Monday, January 26, 2009

Sheep now brought down from the mountains for lambing, the tops are clear for the dog to run. Goats appear bone-white in the far distance as opposed to cream white of sheep, dark forequarters and heavy heads of horn apparent on approach. Last week, a herd of thirty or so moved line-astern up a ridge to high ground, leaving one individual behind close to the path, remaining at bay as both we passed close. It allowed careful approach to within two yards, evidently due to lameness: impressive heavy horn and yellow eyes with parallel-sided pupils; gone on our return, so must have chosen to stand as preferable to being run down, hampered by injury. Every February, the Sunday run brings at least one pristine young kid, found by the dog in a hollow in the rock and heather, upright and bright eyed with Mohican-style crest. Wild goats, though not indigenous, have been in these mountains possibly from Neolithic times. Certainly, Thomas Pennant in the late 18th century talks of them as good eating when shot and smoked over the wood fire of a local farm.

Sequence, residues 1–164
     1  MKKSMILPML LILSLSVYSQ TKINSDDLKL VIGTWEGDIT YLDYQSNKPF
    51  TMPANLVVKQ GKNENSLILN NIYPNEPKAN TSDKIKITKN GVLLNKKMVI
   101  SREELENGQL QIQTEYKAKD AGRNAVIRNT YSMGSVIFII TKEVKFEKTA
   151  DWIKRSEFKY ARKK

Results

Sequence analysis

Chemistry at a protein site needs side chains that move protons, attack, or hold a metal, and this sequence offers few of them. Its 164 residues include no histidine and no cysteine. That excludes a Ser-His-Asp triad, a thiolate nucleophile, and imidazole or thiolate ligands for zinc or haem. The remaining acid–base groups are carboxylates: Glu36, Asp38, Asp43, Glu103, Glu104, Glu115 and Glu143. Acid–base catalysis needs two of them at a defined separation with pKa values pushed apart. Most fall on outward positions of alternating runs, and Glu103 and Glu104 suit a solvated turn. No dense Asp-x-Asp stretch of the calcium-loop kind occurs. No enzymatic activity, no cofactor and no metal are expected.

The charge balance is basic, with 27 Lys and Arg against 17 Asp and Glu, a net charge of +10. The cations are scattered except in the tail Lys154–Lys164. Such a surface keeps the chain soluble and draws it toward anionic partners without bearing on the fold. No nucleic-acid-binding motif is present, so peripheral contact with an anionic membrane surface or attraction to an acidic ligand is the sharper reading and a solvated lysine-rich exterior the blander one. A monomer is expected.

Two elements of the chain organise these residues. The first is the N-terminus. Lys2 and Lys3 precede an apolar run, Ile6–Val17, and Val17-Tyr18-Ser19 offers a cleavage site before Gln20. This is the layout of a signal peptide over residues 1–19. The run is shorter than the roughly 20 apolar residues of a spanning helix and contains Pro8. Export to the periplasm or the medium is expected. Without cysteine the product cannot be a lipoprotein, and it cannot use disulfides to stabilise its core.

Saturday brought a good sighting on the bay. The sea a little less stormy than of late, silver-grey, white-fronted forms, of wintering Red-Throated Divers & Great Crested Grebes are returning: latter, snake-necked; former with up-tilted bill. Watching many minutes for a Grebe to resurface, the fine, grey form of a Tern appeared, hawking over the waves across the bay, occasionally turning on a wing tip to drop onto or patter across the surface for a morsel. But Tern it could not be here in winter; and a Tern would jet into waves with a splash. Watching its progress, dark under-wing and rounded tips became apparent: Little Gull from the east, wintering in our warmer waters.




Wildlife Wales Short Breaks: Autumn, Winter & Early Summer
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